Are your clients’ franking credits at risk?

Woman With Family Sitting On Sofa In Background At Home

Have you closely considered whether your testamentary trust client requires a Family Trust Election (FTE)?

On 14 December 2013, the Government announced that it would not proceed with long-proposed amendments to relax the application of the “45 day holding rule” for beneficiaries of testamentary trusts. Therefore, an FTE will almost certainly be required if an income beneficiary of a testamentary trust wishes to claim an amount of franking credits exceeding the “small investor limit” ($5,000).


It is critical to remember that the $5,000 small investor limit takes into consideration franking credits from all sources – not just those forming part of the income distributed from the testamentary trust. Therefore, you should closely monitor income beneficiaries who derive franked dividends from multiple sources.

If you are considering putting an FTE in place for a testamentary trust, it is imperative to determine the most appropriate test individual . This selection is critical as it will determine the context of the family control test as well as which family members will be covered by the FTE.

For assistance in determining whether your client requires an FTE please speak to us on (07) 3223 6100.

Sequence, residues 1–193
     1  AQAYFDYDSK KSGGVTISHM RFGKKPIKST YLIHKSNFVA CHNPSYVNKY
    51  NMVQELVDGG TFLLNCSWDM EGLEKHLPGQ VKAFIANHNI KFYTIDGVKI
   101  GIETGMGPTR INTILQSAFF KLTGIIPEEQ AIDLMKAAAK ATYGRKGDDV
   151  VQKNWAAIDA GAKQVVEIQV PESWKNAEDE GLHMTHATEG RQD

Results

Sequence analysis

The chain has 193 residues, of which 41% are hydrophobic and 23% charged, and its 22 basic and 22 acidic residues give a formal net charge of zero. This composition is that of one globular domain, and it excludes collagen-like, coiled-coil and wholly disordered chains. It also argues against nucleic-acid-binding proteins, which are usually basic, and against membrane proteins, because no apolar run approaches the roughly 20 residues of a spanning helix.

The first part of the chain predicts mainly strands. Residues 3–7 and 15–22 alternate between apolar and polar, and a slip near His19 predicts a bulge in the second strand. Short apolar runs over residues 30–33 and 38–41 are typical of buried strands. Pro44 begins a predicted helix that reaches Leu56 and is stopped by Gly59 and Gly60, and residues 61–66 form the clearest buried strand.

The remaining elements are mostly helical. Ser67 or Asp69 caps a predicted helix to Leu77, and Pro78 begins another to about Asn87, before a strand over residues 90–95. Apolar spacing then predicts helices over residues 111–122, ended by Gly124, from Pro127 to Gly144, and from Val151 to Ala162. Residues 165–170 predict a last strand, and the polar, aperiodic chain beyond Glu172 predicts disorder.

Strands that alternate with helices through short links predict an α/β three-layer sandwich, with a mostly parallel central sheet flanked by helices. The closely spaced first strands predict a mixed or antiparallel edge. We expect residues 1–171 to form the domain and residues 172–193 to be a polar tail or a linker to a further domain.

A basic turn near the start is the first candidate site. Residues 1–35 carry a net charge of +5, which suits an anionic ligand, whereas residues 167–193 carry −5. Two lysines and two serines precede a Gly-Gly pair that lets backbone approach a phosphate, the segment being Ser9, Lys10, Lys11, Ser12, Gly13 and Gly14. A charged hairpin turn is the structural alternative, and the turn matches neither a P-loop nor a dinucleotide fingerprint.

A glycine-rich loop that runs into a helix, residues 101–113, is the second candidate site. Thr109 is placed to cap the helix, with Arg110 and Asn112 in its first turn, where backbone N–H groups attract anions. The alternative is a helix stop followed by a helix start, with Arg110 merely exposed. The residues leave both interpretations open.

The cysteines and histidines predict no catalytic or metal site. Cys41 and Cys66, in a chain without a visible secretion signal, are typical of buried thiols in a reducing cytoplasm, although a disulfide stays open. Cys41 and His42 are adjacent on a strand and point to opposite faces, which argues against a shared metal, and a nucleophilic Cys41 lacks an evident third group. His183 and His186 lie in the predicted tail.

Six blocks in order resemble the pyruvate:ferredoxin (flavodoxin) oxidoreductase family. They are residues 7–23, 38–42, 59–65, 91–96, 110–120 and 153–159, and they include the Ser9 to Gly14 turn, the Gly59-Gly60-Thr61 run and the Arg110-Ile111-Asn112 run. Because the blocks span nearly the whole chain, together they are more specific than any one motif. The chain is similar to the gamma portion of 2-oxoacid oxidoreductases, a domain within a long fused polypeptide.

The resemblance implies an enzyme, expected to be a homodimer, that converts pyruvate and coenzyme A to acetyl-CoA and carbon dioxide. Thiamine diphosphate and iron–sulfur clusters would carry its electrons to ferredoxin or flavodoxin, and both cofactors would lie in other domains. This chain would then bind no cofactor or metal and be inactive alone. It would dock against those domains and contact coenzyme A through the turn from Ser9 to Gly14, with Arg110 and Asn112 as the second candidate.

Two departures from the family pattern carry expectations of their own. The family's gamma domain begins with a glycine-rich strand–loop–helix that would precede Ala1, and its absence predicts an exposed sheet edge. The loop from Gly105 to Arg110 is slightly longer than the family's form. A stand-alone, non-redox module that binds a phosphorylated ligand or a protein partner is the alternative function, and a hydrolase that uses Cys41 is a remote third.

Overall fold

Back to Articles
Redchip

Recent Articles

Business woman has crossed fingers behind her back
VIDEO Restructuring for asset protection: Is it genuine?

This webinar considers whether asset protection strategies might be impacted by any of the following ITAA provisions: Part IVA; Section 100A; Subdivision 328-G and Division 152.

Read more
Antivirus, hacker protection.
Defending against the indefensible

You’d imagine that a law firm with as strong an IP pedigree as Redchip would have no problems defending itself from people preying on the success of our business. Sadly, even we aren’t immune to rip offs and poaching expeditions.

Read more
Blue and orange sunset sky
Heaven can wait

Recently I heard someone say: “everyone wants to go to heaven, but no one wants to die”. Our mortality is such a taboo topic that it impacts the way in which many people approach their Wills and Estate Planning.

Read more